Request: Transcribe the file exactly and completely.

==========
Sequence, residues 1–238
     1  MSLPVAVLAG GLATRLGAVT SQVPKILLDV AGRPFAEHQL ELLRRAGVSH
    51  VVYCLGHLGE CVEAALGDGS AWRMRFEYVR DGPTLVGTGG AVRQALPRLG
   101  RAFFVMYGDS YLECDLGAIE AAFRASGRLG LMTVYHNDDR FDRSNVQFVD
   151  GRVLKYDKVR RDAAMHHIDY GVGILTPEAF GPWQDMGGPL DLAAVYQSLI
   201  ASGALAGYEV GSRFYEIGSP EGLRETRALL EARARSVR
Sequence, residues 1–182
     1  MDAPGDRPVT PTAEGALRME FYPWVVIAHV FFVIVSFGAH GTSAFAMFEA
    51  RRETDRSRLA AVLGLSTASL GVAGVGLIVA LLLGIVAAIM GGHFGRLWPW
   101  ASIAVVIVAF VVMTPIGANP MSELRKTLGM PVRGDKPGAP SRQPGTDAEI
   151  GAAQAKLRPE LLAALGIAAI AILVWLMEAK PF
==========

Sequence, residues 1–238
     1  MSLPVAVLAG GLATRLGAVT SQVPKILLDV AGRPFAEHQL ELLRRAGVSH
    51  VVYCLGHLGE CVEAALGDGS AWRMRFEYVR DGPTLVGTGG AVRQALPRLG
   101  RAFFVMYGDS YLECDLGAIE AAFRASGRLG LMTVYHNDDR FDRSNVQFVD
   151  GRVLKYDKVR RDAAMHHIDY GVGILTPEAF GPWQDMGGPL DLAAVYQSLI
   201  ASGALAGYEV GSRFYEIGSP EGLRETRALL EARARSVR
Sequence, residues 1–182
     1  MDAPGDRPVT PTAEGALRME FYPWVVIAHV FFVIVSFGAH GTSAFAMFEA
    51  RRETDRSRLA AVLGLSTASL GVAGVGLIVA LLLGIVAAIM GGHFGRLWPW
   101  ASIAVVIVAF VVMTPIGANP MSELRKTLGM PVRGDKPGAP SRQPGTDAEI
   151  GAAQAKLRPE LLAALGIAAI AILVWLMEAK PF